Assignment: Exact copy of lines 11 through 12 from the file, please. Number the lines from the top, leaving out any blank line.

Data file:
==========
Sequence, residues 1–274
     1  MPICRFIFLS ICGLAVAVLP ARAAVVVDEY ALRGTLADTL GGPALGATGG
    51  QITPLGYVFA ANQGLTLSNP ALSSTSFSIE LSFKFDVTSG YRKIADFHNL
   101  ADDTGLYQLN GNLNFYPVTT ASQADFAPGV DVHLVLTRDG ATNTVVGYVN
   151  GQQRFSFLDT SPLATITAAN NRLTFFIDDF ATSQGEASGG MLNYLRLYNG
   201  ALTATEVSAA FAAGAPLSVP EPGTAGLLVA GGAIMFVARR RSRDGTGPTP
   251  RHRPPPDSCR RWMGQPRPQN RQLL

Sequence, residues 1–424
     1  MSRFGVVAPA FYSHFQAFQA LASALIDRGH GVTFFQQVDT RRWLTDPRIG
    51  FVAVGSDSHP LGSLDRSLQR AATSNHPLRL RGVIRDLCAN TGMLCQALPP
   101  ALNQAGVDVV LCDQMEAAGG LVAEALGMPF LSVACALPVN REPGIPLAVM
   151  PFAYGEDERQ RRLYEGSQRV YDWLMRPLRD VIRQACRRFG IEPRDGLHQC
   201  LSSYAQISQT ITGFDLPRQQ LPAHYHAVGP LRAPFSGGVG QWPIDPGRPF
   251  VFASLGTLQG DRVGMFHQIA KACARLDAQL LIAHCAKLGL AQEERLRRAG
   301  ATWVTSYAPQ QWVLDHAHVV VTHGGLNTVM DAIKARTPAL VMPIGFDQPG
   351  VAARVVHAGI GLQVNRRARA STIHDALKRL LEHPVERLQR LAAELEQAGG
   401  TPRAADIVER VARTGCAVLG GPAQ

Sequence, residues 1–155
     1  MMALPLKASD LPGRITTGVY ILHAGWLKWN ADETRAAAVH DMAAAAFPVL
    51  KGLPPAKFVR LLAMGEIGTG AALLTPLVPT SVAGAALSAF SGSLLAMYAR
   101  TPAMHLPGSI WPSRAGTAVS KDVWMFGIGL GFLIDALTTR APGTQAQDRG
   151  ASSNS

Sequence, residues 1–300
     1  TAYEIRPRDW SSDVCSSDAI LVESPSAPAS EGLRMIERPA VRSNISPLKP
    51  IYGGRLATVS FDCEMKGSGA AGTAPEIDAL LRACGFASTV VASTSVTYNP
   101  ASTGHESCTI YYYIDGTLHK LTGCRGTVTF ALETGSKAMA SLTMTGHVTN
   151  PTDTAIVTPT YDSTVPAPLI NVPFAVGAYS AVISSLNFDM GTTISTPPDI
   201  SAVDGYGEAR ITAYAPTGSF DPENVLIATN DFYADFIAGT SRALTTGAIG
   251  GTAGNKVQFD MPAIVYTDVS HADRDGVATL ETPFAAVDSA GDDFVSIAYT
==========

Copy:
   101  ALNQAGVDVV LCDQMEAAGG LVAEALGMPF LSVACALPVN REPGIPLAVM
   151  PFAYGEDERQ RRLYEGSQRV YDWLMRPLRD VIRQACRRFG IEPRDGLHQC